Businesses that market often find ways to stay in business in good times and bad. I do not for a minute believe that ANY person functioning as an independent video services provider NEVER has long, lean periods of no business, and never finds him/herself beating the bushes to generate gigs.
When we use “education” (a word Composite has included in his responses here), when we let people know we’re available, when we talk it up, walk the walk, socially interact on these boards and others. When we do ANYTHING more than sit in a cave with no phone, no pool and no pets and wait for the raging hordes of clients to kick in our animal skin door, we’re engaging in promotion of the industry, whether we like to think so or not.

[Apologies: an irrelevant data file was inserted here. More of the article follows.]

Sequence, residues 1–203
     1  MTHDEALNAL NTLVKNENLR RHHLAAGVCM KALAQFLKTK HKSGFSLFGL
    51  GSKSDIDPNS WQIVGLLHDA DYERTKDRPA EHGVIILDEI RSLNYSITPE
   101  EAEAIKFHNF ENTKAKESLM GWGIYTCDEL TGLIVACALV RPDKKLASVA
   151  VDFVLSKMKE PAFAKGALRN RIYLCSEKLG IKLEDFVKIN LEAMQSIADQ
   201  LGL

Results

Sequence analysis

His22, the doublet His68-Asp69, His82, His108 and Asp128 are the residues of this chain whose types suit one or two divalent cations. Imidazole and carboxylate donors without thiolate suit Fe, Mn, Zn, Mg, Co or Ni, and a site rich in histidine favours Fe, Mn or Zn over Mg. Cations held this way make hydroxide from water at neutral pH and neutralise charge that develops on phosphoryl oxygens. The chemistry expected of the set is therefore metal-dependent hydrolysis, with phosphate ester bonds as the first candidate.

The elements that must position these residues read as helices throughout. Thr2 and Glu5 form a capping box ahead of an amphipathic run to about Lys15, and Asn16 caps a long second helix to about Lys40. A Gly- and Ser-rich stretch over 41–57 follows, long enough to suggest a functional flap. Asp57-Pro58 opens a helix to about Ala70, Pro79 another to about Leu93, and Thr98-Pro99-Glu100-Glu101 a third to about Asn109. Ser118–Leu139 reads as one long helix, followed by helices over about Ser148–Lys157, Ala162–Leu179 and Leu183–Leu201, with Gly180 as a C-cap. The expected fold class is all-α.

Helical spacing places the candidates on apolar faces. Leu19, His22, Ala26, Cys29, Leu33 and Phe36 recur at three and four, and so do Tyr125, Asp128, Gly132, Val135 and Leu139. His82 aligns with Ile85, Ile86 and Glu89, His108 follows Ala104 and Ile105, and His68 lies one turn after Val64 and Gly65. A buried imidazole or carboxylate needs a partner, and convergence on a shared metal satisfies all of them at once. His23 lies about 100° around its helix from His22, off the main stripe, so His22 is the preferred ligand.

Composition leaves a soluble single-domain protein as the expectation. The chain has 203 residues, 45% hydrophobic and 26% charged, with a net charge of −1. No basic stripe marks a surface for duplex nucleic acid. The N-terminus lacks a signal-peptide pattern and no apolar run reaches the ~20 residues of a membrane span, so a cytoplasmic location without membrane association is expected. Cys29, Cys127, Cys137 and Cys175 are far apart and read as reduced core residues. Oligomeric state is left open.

Some do it better than others. Others call it something other than, but it all can and does have a positive effect on our industry. And if MORE of us admitted to it, or engaged in it, all would benefit by that action.
- March 22, 2010 at 11:55 PM #181038
“… Animal skin doors….”
Man, that’s ‘prehistoric school’ there! Corporate gigs pay the bills around here and let’s me out to make a flick or two that I don’t have to beg money to make so I am familiar with ‘Cadillac Clients’. But Grinner you hit it on the head about having to bring them up to speed as to why I can do it for less than what they paid for or why I can get them more than what they got at the price they paid last time. No matter how much longer my resume’ gets or cooler my reel gets, client’s first and foremost want to know, “How much is this going to cost?” Even ‘Caddies’ want to pay as little as possible if they can.